Family Physician Practices with Eastern Philosophy

A family medicine physician who took a different path since he was a teenager. Ed Levitan, MD, also practices Shiatsu, Japanese bodywork, energy medicine and acupuncture.

When Ed Levitan, MD, opened Visions Medical Center, a functional health care practice in Wellesley, Mass., in 2008, it marked the fulfillment of a life-long dream. It was also a career move that Levitan had shunned, in some respects, since he was a child.

“I wanted to be a physician for two reasons,” Levitan recalls. “My grandmother was a physician, and she was the matriarch of the family and was highly respected. That made me want to be like her. But I also didn’t want to be like my other family members, who were entrepreneurs.” Levitan pauses as he laughs. “That’s a little strange now, since I am an entrepreneur.”

The reason why Levitan is “doing the things I didn’t want to do, but eventually they became want I want to do” is because he’s doing them in a different setting. “I’m not doing this for the sake of money.”

An early awareness

Now Levitan is a family medicine physician who also practices Shiatsu, Japanese bodywork, energy medicine and acupuncture.

As an adolescent, Levitan became interested in Eastern philosophy. By the time he entered college and took up martial arts, he was already thinking differently — Eastern thoughts, he calls them — about how the body works. He was clearly on a different path.

“It was a completely different mindset compared to how we normally do things in Western medicine,” Levitan says. “And the thing that really clinched it for me was I had a two-year break between college and medical school. I learned Japanese body work while I was doing research full time at Dana Farber. I learned acupuncture; I learned about Shamanic medicine. And that really started me on that journey.”

It was a journey that almost derailed at Boston University Medical School. The dean told Levitan that at no time during his tenure would there ever be alternative medicine at the medical school.

“Boston University is an extremely conservative school; at least when I was there,” he says.

Fortunately, Levitan did his residency at Brown University where he was mentored by Glenn Rothfeld, MD, in functional medicine.

“Since I already had a strong background in the Eastern way of thinking, I picked it up relatively quickly,” Levitan says.

A balanced blend

The Visions community and its practitioners work together to help patients achieve wholeness in health. As Levitan explains, he still continues — “and will always continue” — to practice allopathic medicine.

“If I ever get into an accident, if I have a heart attack, anything like that, I’m going to the hospital,” Levitan says. “No questions, no stops. It’s the place to be. There’s no better place.”

But for a chronically ill patient where medication is oftentimes warranted, medication and a traditional approach may not be enough.

“In allopathic medicine we don’t have a lot of time for our patients,” Levitan says. “We don’t have time to talk about lifestyles, about diets, about sugar and how that’s inflammatory. We don’t have time to look at what a person eats, what they put in their mouth, and how they put it in their mouth — like heating or microwaving in plastic. We have to slow down, talk, analyze about chemistry, and go back 10, 20, or 30 years. What were the stressors? What were the key events in the person’s life that led to the start of a disease, and how did that disease progress? And slowly, over six to 24 months, start regressing that disease. That’s the profound part of functional medicine that allopathic medicine can’t provide.”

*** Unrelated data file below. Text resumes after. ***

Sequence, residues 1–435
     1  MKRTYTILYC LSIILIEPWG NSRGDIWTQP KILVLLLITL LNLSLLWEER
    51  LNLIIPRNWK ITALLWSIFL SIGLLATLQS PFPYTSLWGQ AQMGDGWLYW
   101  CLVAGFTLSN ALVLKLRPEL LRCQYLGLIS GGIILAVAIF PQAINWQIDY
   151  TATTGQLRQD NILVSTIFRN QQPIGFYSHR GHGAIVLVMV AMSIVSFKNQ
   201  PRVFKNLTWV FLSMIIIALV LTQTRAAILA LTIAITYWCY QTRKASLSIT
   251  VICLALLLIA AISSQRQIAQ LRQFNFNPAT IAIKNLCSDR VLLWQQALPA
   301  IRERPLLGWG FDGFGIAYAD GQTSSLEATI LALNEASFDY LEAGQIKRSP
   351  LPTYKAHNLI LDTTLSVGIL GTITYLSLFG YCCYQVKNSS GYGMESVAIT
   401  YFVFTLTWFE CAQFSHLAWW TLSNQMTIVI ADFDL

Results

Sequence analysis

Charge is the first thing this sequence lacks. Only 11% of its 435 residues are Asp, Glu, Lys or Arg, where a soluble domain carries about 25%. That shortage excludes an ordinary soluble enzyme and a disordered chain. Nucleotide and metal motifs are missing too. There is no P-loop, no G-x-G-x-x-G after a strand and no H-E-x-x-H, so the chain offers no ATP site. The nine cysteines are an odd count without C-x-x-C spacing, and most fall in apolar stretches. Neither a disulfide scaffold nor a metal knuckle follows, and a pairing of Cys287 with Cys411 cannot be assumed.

Receptive patients

Levitan’s patients appreciate his approach. He spends one hour with first-time patients; the first 30 minutes listening to the patient, and another 20 minutes or so talking to the patient about philosophy — why he’s outlining a particular treatment regimen.

“One of the fun things about functional medicine is that I always talk to people about trading partnerships,” Levitan explains. “Equal partnerships. And the equal partnerships are 99% them, 1% me. I’m not there when they eat, sleep, move or breathe in their daily life. Their health is their own; always was and always will be. I’m there to guide them. I’m there to give them the best advice that I possible can. But ultimately, they have to do the work.”

Levitan says that physicians often take a lot of the power away from their patients. The focus at Visions, however, is empowering patients to listen to their body. He often tells patients, “I don’t know everything. I need you to help me.” And when they start doing that — when they start listening to their body — they no longer make unhealthy decisions.

Walking the walk

Levitan is passionate about making a difference in the lives of his patients, but he’s also just as committed to keeping himself in good health. He holds a black belt in Tae Kwan Do, and has been practicing Qigong — the art of aligning breath, movement, and awareness for exercise, healing, and meditation — for the past 15 years. He spends time outdoors at least four days a week — regardless of the weather.

“It’s a very personal practice,” Levitan says. “It’s my way to connect with nature. I can’t stare at a person’s face and tell them to exercise and eat well and do everything else unless I’m doing it. This is my way of staying healthy.”

Meanwhile, word of the work that Levitan and his colleagues do at Visions continues to spread throughout the community. That’s the part of his work that Levitan finds most rewarding.

“Not only do I do work that makes a huge difference on the one-to-one basis, but that work is spreading and will continue to spread,” Levitan says. “And that’s our mission: to educate physicians so they can continue this work.”